Well, here it is 2011, and the church has finally gone on a trip to Costa Rica. A bunch of my friends are on the trip as well. And I admit freely, I would rather be in Costa Rica right now with them than pretty much anywhere else in the world. And that’s the problem I find myself in. I have many friends at this former church, or at least people that I love and consider friends, people I would do anything to help if they just asked. Yet I am firmly convinced that a lot of their doctrine is destructive, that they have taken many good things and practices and tweaked them to such an extreme that they have become unhealthy. I have seen many people turn away from Christ because of this church, yet just as many come to Christ and get their lives radically turned around! They are a sick church and don’t even recognize that they are sick, and it grieves me because I care so much. It’s a church I would gladly be a member of and serve in for the rest of my life, if they would just correct and fix so much that is wrong with them.
So that’s my struggle. To be with my friends while at the same time being utterly convinced they are dangerous, and mostly through no fault of their own. And one of the biggest hurdles is that many can’t disconnect their relationships and friendships with their religion and faith. I can’t fellowship with people whom I still consider dear friends (even if I get incredibly angry at them from time to time; love) because the gloves can’t be taken off. The ones whom I can fellowship with I still do so. But others…you can’t go five minutes talking with them before some comment or situation or event happens that completely changes the dynamic and God reminds me once again why I left…or he had me leave, however you want to view it.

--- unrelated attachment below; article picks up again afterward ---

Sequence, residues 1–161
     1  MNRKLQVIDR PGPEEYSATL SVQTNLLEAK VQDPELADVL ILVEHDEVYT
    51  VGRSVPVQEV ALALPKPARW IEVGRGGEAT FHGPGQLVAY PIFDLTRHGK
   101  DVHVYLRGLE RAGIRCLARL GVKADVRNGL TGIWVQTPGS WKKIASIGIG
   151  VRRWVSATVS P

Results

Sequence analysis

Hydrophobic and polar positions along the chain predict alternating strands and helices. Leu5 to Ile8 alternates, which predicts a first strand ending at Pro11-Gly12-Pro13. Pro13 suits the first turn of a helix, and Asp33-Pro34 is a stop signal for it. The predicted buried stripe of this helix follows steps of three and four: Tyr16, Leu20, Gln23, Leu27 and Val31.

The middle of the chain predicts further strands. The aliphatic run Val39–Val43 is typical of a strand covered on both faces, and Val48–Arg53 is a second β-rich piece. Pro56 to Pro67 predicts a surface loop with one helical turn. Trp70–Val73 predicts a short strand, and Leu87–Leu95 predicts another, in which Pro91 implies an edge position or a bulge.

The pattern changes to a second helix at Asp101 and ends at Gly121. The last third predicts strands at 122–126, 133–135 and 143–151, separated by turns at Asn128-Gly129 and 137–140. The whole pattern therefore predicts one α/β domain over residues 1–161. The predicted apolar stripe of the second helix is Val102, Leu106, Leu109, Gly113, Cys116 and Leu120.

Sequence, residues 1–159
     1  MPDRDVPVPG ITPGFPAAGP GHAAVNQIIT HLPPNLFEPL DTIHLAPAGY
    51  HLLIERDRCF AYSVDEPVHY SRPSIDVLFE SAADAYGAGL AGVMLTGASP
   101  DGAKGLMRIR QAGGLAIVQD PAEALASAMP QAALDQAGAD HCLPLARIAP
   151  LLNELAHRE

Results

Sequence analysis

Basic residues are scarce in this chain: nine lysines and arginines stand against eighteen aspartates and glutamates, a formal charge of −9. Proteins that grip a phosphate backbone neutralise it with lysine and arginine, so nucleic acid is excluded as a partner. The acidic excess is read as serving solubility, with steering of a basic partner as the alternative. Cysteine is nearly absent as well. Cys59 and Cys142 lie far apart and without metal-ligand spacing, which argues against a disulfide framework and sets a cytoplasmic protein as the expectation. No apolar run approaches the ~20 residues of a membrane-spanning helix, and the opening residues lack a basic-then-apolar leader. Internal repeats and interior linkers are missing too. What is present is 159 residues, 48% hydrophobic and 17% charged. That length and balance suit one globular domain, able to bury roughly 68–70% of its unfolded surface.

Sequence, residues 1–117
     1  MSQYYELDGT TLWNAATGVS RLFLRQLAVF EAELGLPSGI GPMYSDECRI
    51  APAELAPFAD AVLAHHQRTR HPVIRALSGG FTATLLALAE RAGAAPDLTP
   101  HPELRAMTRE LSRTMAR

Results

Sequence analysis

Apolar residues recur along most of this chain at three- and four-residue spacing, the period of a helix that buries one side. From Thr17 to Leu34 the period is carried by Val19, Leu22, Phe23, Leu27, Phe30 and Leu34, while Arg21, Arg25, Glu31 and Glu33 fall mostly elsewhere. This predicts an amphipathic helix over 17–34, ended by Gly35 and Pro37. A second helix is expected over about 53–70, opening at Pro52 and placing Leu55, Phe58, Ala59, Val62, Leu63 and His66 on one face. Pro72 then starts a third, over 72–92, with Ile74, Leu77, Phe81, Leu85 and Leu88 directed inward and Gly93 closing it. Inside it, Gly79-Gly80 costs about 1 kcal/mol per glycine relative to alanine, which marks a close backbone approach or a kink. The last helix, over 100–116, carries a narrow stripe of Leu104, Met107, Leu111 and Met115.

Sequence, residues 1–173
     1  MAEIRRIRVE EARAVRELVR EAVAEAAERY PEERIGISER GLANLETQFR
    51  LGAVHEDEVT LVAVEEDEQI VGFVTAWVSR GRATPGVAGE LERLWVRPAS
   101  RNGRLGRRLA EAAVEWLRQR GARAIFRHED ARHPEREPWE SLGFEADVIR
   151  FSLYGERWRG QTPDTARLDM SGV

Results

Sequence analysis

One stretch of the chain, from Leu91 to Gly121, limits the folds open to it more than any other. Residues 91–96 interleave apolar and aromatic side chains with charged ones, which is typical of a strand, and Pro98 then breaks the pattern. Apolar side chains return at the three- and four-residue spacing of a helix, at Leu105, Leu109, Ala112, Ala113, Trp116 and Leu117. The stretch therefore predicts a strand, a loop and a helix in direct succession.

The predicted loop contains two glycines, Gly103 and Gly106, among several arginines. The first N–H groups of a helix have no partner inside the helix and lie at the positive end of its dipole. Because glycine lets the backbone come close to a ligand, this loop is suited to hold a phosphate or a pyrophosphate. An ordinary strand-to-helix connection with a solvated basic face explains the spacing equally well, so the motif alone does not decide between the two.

I wish I could still go to this church. I wish I could still have my old friends back. But there is so much excess that comes along with it that the cost is too high. It would leave me at the place, once again, of saying “I don’t want this life, I don’t want to just be around these people, I don’t want anything to do with God or Jesus if this is truly what He brings”.
And it’s a shame. And heartbreaking.
I hope my friends in Costa Rica are having a good time. I hope they have the chance to minister to many people (because, ultimately, they do teach the gospel, as least initially). I’m praying for them every day. I hope the trip is a blessing to all who went and that they will come back renewed for Christ.